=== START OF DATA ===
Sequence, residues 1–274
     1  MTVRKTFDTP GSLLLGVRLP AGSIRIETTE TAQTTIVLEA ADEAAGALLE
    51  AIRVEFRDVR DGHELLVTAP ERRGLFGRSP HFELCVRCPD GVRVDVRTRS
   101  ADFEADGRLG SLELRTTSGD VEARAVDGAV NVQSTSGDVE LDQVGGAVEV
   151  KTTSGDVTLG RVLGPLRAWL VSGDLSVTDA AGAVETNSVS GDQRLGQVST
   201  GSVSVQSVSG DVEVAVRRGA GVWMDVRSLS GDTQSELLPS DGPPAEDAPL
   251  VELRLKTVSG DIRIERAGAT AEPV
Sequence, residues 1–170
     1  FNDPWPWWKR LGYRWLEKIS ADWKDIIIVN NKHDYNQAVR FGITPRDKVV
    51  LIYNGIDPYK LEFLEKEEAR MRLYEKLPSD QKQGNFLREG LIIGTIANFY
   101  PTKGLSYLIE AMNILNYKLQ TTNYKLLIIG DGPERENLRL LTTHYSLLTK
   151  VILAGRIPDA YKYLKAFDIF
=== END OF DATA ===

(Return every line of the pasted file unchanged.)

Sequence, residues 1–274
     1  MTVRKTFDTP GSLLLGVRLP AGSIRIETTE TAQTTIVLEA ADEAAGALLE
    51  AIRVEFRDVR DGHELLVTAP ERRGLFGRSP HFELCVRCPD GVRVDVRTRS
   101  ADFEADGRLG SLELRTTSGD VEARAVDGAV NVQSTSGDVE LDQVGGAVEV
   151  KTTSGDVTLG RVLGPLRAWL VSGDLSVTDA AGAVETNSVS GDQRLGQVST
   201  GSVSVQSVSG DVEVAVRRGA GVWMDVRSLS GDTQSELLPS DGPPAEDAPL
   251  VELRLKTVSG DIRIERAGAT AEPV
Sequence, residues 1–170
     1  FNDPWPWWKR LGYRWLEKIS ADWKDIIIVN NKHDYNQAVR FGITPRDKVV
    51  LIYNGIDPYK LEFLEKEEAR MRLYEKLPSD QKQGNFLREG LIIGTIANFY
   101  PTKGLSYLIE AMNILNYKLQ TTNYKLLIIG DGPERENLRL LTTHYSLLTK
   151  VILAGRIPDA YKYLKAFDIF